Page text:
CONCLUSION: These data demonstrate that, while CypA promotes reverse transcription under all conditions tested here, its effect on HIV-1 infectivity correlates more closely with effects on nuclear entry of the viral cDNA. The data also support the hypothesis that a cell-type specific CypA-dependent restriction factor blocks HIV-1 replication by delaying CA core uncoating and hindering nuclear entry.
A novel rabbit monoclonal antibody platform to dissect the diverse repertoire of antibody epitopes for HIV-1 Env immunogen design
The majority of available monoclonal antibodies (MAbs) in the current HIV vaccine field are generated from HIV-1-infected people. In contrast, preclinical immunogenicity studies have mainly focused on polyclonal antibody responses in experimental animals. Although rabbits have been widely used for antibody studies, there has been no report of using rabbit MAbs to dissect the specificity of antibody responses for AIDS vaccine development. Here we report on the production of a panel of 12 MAbs from a New Zealand White (NZW) rabbit that was immunized with an HIV-1 JR-FL gp120 DNA prime and protein boost vaccination regimen. These rabbit MAbs recognized a diverse repertoire of envelope (Env) epitopes ranging from the highly immunogenic V3 region to several previously underappreciated epitopes in the C1, C4, and C5 regions. Nine MAbs showed cross-reactivity to gp120s of clades other than clade B. Increased somatic mutation and extended CDR3 were observed with Ig genes of several molecularly cloned rabbit MAbs. Phylogenic tree analysis showed that the heavy chains of MAbs recognizing the same region on gp120 tend to segregate into an independent subtree. At least three rabbit MAbs showed neutralizing activities with various degrees of breadth and potency. The establishment of this rabbit MAb platform will significantly enhance our ability to test optimal designs of Env immunogens to gain a better understanding of the structural specificity and evolution process of Env-specific antibody responses elicited by candidate AIDS vaccines.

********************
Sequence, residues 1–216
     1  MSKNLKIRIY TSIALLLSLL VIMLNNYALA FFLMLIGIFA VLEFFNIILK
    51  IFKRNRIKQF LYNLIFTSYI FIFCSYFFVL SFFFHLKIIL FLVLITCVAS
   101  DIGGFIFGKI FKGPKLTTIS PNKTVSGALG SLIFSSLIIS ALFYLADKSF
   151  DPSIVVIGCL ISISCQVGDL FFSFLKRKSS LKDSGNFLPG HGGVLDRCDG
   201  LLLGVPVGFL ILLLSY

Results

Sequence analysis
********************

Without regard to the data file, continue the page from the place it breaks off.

Estudio Parto: postpartum diabetes prevention program for hispanic women with abnormal glucose tolerance in pregnancy: a randomised controlled trial - study protocol
BACKGROUND: Diabetes and obesity have reached epidemic proportions in the U.S. with rates consistently higher among Hispanics as compared to non-Hispanic whites. Among Hispanic women diagnosed with gestational diabetes mellitus (GDM), 50% will go on to develop type 2 diabetes within 5 years of the index pregnancy. Although randomised controlled trials among adults with impaired glucose tolerance have shown that diet and physical activity reduce the risk of type 2 diabetes, such programs have not been tested in high-risk postpartum women. The overall goal of this randomised controlled trial is to test the efficacy of a culturally and linguistically modified, individually-tailored lifestyle intervention to reduce risk factors for type 2 diabetes and cardiovascular disease among postpartum Hispanic women with a history of abnormal glucose tolerance during pregnancy.